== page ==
On Nov. 25 -- The day known around the college football world as Black Sunday -- five coaches were fired. Tom O'Brien, the N.C. State head coach who had won 24 games the past three seasons, was one of the men at the major college level to lose his job. Less than three hours after the school announced O'Brien's firing via its twitter feed, the site FootballScoop.com tweeted:
Have confirmed that representatives from NC State have spoken with Mike Leach about their opening FootballScoop.com/the-scoop— FootballScoop Staff (@footballscoop) November 25, 2012
The report was re-tweeted over 200 times. The site that tweeted out the information, Football Scoop, has more than 22,000 followers. The bio on the site's feed: "Since 1999, the premier source for coaching job information."
Speculation of coaches being linked to other jobs or attribution by anonymous sources are commonplace these days, especially at this time of year. CBSSports.com, as well as other major media outlets, engage in these reports, too. All of this only adds to the feeding frenzy of what some around the sport call The Silly Season. However, just nine minutes after the Football Scoop report came a bizarre twist even at a time when the bizarre seems SOP.
CoachingSearch.com, a similarly framed site to Football Scoop that has 18,000 followers and bills itself as "the most trusted expert on coaching transactions," then tweeted:
I've confirmed the report about NC State reaching out to Mike Leach is 100% inaccurate. Coachingsearch.com for real news.— Pete Roussel (@coachingsearch) November 25, 2012
Football Scoop fired back tweeting:
Little brother should get better sources. We have confirmed with the people involved.— FootballScoop Staff (@footballscoop) November 25, 2012
Real life. Coaches send us info. We call the people involved to verify. We report.We don't speculate / guess / make things up— FootballScoop Staff (@footballscoop) November 25, 2012
The back-and-forth between two sites that are often cited by media members and fans at this time of year -- though the sites are frequently confused for one another -- raised plenty of eyebrows, prompting reactions like "@coachingsearch vs. @footballscoop feud is about to get real, y'all."
In truth, the feud has been very real for more than a year. The sites are owned and operated by two brothers from New Orleans, who each grew up as teammates and pals with the Manning boys. Scott Roussel, 37, runs Football Scoop. He played at Newman High with Peyton Manning. His little brother Pete, the 32-year-old who runs Coaching Search, was Eli Manning's receiver at Newman years later.
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Together, the Roussel brothers bought Football Scoop in 2008. Fueled by rumors and reports filed by football staffers from programs all over the country, Football Scoop had been around for a decade. The site was low on flash and long on industry gossip: A linebacker coach at a D3 school feuding with his head coach meaning a job in Pennsylvania might pop ... a strength coach at a 1-AA tired of the business . . . A special teams coordinator at a mid-major interviewing with some Big East program.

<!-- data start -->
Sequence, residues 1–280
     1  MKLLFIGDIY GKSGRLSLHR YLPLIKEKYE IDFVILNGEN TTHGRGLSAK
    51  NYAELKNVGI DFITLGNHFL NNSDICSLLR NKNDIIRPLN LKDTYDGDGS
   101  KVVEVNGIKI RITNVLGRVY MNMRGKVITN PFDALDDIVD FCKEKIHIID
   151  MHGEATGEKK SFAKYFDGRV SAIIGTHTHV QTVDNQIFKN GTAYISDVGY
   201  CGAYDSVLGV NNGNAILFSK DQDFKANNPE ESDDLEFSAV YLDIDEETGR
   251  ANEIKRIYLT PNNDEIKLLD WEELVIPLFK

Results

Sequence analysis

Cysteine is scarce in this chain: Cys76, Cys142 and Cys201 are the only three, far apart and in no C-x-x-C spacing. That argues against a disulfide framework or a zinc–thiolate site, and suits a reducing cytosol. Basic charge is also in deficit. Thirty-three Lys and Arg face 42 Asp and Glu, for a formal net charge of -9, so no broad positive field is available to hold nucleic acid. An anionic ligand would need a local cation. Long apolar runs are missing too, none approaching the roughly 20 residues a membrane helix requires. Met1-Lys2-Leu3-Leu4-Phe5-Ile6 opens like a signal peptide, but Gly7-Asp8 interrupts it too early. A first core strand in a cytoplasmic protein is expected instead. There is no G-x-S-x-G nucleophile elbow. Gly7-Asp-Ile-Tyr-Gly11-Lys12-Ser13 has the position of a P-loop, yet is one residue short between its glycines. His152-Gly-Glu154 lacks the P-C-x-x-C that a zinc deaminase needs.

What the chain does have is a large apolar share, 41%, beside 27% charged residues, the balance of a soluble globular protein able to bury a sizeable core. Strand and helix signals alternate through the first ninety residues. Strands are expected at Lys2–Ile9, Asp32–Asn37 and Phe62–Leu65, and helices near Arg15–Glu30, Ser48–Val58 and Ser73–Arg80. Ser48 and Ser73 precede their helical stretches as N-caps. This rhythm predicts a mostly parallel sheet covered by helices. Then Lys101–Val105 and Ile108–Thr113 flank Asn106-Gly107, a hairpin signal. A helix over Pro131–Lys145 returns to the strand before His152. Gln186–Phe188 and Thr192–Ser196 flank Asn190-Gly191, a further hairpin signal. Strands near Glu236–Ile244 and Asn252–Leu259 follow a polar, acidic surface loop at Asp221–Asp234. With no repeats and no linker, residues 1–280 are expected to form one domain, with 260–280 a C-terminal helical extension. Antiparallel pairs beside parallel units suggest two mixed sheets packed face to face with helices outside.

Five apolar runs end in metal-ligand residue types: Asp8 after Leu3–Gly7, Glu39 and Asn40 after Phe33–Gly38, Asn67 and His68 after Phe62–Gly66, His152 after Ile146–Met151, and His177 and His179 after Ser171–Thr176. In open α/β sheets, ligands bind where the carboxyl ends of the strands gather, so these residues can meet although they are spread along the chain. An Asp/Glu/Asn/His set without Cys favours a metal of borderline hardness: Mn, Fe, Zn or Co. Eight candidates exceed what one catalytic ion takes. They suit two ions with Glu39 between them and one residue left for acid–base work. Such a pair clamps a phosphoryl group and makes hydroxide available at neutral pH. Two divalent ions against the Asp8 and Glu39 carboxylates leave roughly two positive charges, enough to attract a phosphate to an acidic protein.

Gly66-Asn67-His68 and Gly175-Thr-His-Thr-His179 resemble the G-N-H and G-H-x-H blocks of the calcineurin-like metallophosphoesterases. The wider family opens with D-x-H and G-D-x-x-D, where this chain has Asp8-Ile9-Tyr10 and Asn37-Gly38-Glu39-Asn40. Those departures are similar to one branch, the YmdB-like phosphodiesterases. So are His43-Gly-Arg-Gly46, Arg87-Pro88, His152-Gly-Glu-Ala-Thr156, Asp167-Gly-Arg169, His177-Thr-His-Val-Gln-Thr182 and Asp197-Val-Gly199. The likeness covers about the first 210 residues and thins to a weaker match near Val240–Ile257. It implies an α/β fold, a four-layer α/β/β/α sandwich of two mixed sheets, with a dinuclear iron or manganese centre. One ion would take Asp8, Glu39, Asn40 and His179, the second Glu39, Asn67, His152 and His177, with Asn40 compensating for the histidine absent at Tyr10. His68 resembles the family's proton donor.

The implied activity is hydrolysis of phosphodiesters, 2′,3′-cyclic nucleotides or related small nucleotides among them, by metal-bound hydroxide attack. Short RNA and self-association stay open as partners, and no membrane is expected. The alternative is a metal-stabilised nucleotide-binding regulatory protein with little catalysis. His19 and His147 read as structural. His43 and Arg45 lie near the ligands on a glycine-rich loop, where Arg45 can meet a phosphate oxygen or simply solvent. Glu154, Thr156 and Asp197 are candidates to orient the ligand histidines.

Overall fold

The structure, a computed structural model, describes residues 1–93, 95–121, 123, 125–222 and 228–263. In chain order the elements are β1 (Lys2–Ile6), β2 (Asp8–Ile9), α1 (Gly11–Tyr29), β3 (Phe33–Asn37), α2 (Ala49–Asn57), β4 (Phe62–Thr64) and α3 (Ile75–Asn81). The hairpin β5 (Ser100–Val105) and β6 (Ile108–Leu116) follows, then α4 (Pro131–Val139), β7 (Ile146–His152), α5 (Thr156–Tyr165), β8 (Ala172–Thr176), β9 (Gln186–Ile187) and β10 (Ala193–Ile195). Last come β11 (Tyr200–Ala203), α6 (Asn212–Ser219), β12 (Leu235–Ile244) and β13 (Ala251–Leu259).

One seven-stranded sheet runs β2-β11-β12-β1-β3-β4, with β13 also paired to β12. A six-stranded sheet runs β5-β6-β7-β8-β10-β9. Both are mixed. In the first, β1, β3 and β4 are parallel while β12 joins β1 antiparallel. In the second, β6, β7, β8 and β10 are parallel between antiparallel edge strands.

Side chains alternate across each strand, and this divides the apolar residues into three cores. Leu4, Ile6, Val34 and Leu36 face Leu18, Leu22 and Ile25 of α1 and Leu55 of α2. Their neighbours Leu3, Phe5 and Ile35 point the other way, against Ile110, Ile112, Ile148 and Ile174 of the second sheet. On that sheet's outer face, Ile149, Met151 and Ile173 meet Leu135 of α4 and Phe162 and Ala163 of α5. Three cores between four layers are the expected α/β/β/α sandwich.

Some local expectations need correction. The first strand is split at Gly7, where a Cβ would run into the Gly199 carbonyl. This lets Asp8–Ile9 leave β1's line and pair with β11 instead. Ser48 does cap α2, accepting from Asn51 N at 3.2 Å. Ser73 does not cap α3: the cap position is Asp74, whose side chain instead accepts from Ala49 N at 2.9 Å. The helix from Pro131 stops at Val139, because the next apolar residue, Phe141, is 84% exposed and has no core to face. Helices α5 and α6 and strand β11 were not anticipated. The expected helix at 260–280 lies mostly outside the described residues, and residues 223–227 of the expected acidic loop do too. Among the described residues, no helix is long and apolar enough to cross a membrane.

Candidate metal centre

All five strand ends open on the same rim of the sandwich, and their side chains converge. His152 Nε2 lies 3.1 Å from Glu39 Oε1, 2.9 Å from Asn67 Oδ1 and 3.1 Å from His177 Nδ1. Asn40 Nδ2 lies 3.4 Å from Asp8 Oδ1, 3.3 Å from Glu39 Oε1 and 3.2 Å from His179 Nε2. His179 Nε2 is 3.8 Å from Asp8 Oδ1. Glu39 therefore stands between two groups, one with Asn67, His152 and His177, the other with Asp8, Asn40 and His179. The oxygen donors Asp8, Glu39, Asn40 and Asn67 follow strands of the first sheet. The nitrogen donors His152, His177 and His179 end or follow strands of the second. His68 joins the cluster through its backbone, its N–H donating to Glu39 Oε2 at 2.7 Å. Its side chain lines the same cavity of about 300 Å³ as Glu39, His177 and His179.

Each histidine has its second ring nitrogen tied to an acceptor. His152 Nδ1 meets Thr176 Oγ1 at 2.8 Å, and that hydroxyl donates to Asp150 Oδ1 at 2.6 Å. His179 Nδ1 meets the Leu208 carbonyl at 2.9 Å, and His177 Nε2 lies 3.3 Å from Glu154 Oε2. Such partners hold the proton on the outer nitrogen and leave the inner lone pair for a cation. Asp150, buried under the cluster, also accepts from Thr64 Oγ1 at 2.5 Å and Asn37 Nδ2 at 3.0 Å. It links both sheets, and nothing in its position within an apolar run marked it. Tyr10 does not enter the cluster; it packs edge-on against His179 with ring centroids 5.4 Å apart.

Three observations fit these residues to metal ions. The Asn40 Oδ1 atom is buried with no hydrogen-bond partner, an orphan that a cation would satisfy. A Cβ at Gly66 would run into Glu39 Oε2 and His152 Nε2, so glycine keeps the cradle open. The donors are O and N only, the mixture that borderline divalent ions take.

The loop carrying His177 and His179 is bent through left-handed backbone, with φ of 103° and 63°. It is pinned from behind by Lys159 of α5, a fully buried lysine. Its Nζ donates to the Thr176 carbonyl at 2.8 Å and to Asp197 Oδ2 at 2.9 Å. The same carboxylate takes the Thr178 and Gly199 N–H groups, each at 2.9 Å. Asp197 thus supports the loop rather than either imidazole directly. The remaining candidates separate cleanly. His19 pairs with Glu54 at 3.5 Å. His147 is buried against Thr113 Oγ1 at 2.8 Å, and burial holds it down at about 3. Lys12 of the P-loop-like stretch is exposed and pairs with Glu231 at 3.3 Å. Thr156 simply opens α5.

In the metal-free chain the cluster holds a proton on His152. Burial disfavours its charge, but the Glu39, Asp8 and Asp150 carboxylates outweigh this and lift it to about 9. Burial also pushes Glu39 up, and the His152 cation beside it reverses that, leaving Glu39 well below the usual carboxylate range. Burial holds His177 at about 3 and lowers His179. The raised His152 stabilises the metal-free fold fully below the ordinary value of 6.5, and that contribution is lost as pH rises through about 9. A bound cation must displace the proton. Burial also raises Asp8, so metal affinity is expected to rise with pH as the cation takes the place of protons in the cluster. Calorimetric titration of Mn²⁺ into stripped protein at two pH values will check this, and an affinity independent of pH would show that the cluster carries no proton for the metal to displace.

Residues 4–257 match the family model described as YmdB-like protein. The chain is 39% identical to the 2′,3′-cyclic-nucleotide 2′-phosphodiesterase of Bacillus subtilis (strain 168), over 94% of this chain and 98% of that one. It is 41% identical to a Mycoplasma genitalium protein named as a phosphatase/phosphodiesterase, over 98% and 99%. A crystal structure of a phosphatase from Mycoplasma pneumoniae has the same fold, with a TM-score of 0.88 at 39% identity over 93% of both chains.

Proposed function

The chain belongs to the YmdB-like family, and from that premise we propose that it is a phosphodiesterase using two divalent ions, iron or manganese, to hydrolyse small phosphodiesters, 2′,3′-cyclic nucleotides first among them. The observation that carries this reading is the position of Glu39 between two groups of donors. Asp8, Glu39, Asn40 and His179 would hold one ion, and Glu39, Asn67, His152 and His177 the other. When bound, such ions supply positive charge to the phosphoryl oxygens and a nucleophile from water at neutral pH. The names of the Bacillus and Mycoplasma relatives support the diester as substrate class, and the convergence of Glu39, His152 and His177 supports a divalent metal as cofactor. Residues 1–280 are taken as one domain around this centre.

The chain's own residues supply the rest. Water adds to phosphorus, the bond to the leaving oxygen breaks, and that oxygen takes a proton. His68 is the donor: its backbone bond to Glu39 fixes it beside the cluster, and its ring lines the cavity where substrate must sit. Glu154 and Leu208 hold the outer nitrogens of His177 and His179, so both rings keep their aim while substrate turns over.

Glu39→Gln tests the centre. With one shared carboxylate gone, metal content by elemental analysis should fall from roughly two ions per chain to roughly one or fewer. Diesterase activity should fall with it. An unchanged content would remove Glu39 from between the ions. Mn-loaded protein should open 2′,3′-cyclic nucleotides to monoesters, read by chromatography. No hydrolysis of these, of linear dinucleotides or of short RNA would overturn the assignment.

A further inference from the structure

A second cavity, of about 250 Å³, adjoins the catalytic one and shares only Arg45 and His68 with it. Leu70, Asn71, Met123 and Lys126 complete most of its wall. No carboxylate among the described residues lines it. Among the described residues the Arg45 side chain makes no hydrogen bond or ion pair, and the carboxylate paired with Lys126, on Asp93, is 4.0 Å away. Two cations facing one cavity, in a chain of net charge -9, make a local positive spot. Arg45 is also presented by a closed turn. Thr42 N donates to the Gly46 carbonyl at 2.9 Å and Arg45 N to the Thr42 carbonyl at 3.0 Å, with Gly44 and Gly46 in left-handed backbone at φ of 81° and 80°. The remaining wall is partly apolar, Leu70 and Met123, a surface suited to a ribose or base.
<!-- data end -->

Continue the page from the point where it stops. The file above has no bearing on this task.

True or even partially true, the speculation was part of the fun. Coaches often made the site the first thing they moused over to when they logged onto their PCs in the morning. Most of the media, though, didn't know Football Scoop existed for years.
Keith Allen created Football Scoop in 1998 because, as he puts it, he had some free time. Allen had gone from being an on-the-field coach at what is now Louisiana-Monroe to be an administrator in the football program at TCU. Dennis Franchione was the Horned Frogs' head coach. The unwritten rule: no one left the football building till Coach Fran left. So with the help of one of those How-To for dummy books -- how to build a website -- Allen skipped a trip to Vegas with his buddies for spring break to create a website, Football Scoop.
"The neat thing about the Internet is once two or three people see something, it can really take off," Allen says, adding that it took about 18 months before Football Scoop became viable.
The site was a must-see among football coaches by 2000, and Allen was back on the field running the defense at Quincy University in Illinois.
Allen's first rule for posting anything was that the source had to come from the particular school where the information was about. But Allen admits he didn't have the time to vet much of what was going up on the Scoop. "Sometimes we'd post something that had no legs," he says. "We'd do a quick retraction and apologize for it."
Maintaining the site and managing the demands of being a college coach was tricky. In the midst of recruiting season, Allen would make his calls to high school coaches, to recruits, do his home visits and then -- before he went to sleep at night -- he'd update the site after perusing his email. His bosses knew that he was running Football Scoop, he says, even if no one else in the coaching world did.
In 2007, Allen landed the head coaching job at Division II Southwest Baptist in Missouri around the same time he'd become a father and he knew he needed to make a choice. "When I was a 5-year-old, I didn't say, 'I wanna run a website.' I said, 'I wanna be a football coach.'" That also happened to be the same year when Pete Roussel's own fledgling coaching career took a left turn.